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Movie Review: The Corporation

Alternate Title: More Than a Few Bad Apples...

Story: If you need an additional injection of rage and depression this summer run to see this exhausting and comprehensive Canadian documentary about monster global corporations. How they got to be as powerful as they are and in the process often socially irresponsible is what this film is all about.

Winner of the audience award at Sundance, filmmakers Mark Achbar and Jennifer Abbott have managed to take a sleep inducing topic and turn it into an entertaining, fascinating film. The film is based on the book The Corporation: The Pathological Pursuit of Profit and Power by Joel Bakan.

With the clever use of old film footage, animation and talking heads we are walked through the history of the entity of a corporation and the resulting global problems caused by their Pac Man appetites. The plunderers are many but the film shows a glimmer of hope through the actions of CEO Ray Anderson of Interface Carpets.

Some of the talking heads include Michael Moore, Noam Chomsky, Milton Friedman, Howard Zinn and Naomi Klein. The advertisement for the film also notes that they have included "7 CEO's, 3 VP's, 2 whistleblowers, 1 broker, 1 spy and one really big mess.'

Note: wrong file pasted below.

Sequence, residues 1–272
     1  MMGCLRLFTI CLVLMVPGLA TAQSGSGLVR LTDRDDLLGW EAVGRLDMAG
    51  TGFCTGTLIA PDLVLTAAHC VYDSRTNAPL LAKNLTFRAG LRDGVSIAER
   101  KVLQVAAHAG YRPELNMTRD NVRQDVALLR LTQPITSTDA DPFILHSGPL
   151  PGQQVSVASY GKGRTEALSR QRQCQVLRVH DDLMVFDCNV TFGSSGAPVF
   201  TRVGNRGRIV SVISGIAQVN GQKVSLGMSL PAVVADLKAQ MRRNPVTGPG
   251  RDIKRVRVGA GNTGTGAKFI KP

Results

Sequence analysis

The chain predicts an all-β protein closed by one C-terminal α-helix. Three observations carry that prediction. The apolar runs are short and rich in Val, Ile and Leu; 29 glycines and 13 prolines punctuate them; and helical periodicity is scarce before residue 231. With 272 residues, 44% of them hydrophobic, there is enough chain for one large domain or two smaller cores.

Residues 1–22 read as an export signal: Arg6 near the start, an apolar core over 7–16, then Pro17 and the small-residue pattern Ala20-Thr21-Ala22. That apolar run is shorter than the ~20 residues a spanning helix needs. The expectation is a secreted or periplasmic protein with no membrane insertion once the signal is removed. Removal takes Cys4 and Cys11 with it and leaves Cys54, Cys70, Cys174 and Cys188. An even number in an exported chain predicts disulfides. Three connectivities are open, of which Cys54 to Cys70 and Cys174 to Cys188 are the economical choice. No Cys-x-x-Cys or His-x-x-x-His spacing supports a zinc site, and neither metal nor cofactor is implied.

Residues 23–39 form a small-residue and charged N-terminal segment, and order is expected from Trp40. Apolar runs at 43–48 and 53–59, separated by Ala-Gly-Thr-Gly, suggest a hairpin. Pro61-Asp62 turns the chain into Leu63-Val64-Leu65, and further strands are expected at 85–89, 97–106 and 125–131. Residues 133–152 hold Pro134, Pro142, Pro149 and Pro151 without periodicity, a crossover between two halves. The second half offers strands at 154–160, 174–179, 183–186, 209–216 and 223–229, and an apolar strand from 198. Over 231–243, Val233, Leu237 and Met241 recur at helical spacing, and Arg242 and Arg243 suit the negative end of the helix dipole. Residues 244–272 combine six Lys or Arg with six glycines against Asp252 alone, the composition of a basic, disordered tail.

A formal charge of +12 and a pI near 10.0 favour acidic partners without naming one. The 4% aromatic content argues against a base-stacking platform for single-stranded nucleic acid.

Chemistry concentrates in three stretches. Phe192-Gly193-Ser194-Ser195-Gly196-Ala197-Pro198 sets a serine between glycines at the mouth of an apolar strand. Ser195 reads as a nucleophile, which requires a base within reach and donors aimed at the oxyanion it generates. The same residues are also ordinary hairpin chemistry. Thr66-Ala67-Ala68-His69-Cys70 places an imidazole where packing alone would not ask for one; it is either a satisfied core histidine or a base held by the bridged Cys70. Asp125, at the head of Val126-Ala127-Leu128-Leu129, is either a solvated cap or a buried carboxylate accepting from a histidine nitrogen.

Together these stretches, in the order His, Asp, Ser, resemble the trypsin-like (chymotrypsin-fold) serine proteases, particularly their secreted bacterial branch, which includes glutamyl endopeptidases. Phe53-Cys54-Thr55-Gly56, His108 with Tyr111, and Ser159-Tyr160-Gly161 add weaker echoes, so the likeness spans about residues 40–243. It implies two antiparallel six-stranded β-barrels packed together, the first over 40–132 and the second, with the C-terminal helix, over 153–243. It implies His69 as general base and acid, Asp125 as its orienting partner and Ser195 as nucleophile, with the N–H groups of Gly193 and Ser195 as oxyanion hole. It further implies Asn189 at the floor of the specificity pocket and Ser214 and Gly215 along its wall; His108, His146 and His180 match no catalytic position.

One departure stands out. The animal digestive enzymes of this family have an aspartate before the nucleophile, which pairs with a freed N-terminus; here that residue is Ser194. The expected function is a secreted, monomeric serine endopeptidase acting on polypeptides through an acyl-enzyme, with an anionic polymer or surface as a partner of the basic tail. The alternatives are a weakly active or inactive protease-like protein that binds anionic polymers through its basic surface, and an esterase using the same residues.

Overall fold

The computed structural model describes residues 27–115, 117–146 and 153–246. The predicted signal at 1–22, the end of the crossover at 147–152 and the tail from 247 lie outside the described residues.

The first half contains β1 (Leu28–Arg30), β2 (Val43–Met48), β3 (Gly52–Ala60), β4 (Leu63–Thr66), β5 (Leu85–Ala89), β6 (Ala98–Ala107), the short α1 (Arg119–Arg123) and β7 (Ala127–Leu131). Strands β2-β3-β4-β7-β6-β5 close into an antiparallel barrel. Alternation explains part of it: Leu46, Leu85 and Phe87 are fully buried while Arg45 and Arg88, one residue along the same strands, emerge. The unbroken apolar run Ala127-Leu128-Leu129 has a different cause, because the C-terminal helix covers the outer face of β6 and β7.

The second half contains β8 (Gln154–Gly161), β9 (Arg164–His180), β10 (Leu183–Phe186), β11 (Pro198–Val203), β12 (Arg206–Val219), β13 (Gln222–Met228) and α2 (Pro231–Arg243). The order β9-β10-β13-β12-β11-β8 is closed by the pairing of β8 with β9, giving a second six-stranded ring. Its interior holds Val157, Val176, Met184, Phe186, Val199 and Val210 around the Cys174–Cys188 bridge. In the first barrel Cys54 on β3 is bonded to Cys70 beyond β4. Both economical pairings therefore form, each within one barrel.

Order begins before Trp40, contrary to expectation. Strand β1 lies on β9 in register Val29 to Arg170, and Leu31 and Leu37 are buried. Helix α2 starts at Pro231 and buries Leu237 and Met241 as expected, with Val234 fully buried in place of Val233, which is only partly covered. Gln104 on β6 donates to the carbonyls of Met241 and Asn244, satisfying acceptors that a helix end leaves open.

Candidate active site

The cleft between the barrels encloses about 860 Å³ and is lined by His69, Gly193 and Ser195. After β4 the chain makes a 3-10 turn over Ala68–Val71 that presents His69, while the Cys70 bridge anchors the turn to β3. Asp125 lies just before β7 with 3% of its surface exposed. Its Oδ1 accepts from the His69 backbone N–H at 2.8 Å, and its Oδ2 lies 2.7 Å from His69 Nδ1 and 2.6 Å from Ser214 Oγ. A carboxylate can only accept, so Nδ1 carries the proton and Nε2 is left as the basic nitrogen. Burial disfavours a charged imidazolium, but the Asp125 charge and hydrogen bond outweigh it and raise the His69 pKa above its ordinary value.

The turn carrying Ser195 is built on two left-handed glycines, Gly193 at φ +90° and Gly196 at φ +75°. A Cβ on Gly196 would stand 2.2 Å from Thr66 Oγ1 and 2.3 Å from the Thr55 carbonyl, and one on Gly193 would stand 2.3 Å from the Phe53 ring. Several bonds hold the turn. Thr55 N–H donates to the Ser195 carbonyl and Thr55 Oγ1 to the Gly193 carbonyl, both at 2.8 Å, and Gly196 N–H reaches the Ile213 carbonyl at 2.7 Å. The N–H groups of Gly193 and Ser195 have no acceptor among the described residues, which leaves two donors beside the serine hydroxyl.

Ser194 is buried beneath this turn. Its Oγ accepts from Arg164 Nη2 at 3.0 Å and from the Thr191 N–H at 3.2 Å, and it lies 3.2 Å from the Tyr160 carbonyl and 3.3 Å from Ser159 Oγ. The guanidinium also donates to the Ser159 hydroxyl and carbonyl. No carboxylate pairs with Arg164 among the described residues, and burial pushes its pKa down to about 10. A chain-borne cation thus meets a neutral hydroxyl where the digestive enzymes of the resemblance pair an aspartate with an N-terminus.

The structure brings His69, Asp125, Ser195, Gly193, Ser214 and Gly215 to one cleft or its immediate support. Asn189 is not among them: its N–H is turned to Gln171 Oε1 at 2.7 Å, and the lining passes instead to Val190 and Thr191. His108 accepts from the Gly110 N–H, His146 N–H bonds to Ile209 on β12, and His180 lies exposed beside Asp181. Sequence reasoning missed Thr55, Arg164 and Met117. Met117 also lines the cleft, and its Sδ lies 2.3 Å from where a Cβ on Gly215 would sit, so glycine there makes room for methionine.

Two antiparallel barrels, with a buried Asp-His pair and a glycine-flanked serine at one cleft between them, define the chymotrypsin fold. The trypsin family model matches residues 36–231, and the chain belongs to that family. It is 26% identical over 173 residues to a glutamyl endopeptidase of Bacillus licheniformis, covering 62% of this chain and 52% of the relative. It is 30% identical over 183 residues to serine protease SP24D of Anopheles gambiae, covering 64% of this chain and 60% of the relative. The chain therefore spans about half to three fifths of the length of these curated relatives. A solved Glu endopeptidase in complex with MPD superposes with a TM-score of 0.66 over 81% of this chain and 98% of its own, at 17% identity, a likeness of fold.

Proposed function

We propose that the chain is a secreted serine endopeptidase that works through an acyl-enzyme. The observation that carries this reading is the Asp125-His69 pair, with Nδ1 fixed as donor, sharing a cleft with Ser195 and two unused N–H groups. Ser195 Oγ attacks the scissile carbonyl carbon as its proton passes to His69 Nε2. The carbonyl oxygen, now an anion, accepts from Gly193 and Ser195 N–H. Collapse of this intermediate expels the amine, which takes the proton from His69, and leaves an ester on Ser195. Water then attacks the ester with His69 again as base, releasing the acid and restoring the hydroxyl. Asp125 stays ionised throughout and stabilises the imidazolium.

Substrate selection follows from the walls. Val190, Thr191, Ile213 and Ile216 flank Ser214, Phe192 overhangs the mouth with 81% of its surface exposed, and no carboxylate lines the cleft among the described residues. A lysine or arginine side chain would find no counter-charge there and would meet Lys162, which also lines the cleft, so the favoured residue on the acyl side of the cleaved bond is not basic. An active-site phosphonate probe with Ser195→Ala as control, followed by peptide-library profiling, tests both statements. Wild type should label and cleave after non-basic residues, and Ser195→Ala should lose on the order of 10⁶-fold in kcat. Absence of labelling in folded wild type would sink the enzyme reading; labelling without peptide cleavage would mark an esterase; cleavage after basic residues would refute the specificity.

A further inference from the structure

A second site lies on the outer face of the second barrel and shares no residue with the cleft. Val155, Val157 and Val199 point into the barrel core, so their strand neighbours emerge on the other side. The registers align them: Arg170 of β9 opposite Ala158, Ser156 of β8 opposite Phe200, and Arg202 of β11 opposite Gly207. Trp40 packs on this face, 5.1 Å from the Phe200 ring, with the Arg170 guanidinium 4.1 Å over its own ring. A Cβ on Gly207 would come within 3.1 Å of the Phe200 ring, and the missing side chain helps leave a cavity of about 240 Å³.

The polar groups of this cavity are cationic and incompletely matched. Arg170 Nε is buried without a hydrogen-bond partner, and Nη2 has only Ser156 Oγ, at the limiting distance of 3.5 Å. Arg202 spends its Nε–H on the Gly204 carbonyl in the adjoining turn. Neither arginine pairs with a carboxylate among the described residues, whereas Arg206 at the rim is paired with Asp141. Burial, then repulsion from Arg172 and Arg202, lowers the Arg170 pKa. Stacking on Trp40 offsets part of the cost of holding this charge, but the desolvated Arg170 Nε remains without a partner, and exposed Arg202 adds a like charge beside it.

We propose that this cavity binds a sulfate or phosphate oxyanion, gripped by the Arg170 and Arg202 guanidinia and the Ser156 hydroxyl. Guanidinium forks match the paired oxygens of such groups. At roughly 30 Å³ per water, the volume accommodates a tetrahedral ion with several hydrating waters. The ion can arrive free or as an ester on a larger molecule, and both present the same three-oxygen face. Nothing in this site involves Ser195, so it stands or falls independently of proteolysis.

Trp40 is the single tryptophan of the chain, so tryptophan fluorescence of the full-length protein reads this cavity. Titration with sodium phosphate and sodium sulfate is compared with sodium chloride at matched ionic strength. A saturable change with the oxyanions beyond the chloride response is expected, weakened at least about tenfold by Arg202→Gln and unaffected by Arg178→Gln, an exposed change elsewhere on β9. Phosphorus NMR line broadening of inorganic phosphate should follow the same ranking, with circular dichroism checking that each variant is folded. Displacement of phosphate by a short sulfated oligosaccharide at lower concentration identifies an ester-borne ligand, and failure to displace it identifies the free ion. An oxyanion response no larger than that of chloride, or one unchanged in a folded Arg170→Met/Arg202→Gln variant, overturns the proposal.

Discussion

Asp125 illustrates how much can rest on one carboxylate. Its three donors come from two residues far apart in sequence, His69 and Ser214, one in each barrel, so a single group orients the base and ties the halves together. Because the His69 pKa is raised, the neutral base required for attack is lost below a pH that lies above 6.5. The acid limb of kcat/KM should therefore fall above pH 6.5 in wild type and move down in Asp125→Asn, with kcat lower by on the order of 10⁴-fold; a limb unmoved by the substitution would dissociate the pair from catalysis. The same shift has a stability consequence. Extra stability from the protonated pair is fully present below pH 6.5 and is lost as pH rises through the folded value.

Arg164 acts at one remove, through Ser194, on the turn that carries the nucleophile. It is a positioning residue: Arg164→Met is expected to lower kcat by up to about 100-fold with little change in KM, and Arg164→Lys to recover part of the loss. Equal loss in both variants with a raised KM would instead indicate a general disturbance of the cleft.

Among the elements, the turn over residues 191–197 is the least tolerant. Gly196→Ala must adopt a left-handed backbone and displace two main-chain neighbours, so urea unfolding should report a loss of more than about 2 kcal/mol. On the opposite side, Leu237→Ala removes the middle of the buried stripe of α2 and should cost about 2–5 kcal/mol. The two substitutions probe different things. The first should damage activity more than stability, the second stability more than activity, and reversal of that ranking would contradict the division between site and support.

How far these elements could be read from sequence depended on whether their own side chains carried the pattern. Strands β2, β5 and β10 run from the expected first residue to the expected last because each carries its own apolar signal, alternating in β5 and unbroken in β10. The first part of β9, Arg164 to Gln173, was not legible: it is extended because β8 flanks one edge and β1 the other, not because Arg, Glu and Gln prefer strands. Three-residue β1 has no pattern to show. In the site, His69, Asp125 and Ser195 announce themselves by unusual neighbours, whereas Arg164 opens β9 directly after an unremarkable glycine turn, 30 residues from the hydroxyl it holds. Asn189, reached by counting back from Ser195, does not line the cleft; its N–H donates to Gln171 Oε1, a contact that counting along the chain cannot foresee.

Predilection: I like documentaries.

Critters: Oh my! The animals depict in this film do not fare well at all.

Blatant Product Placement: There is nary a product that is missed but I am absolutely certain that no one wanted to be mentioned or seen in this expose.

Soundtrack: Clever and often very amusing.

Opening Titles: A terrific montage of the media using sound bites with the term 'a few bad apples.' And then there is a barrage of logos that almost made me dizzy.

Theater Audience: Very crowded for the first afternoon show. The four of us were surprised. My ragtag international group of friends were diverse and opinionated and took the discussion about corporate responsibility out onto the sidewalk after the film. Our group Republican backed down a bit about individual choice and corporate responsibility when we realized there were many issues we all agreed upon. My other movie pal said she felt that after seeing Control Room, Fahrenheit 9/11 and The Corporation she had witnessed a perfect trilogy.

Squirm Scale: Child labor makes me crazy and I did not like to see the animals suffering.

Oscar Worthy: Perhaps.

Nit Picking: It was a little too long.

Big Screen or Rental: Rental would be fine but I always encourage people to go to the theater and support these brave film makers.

Length: Two hours and 25 minutes.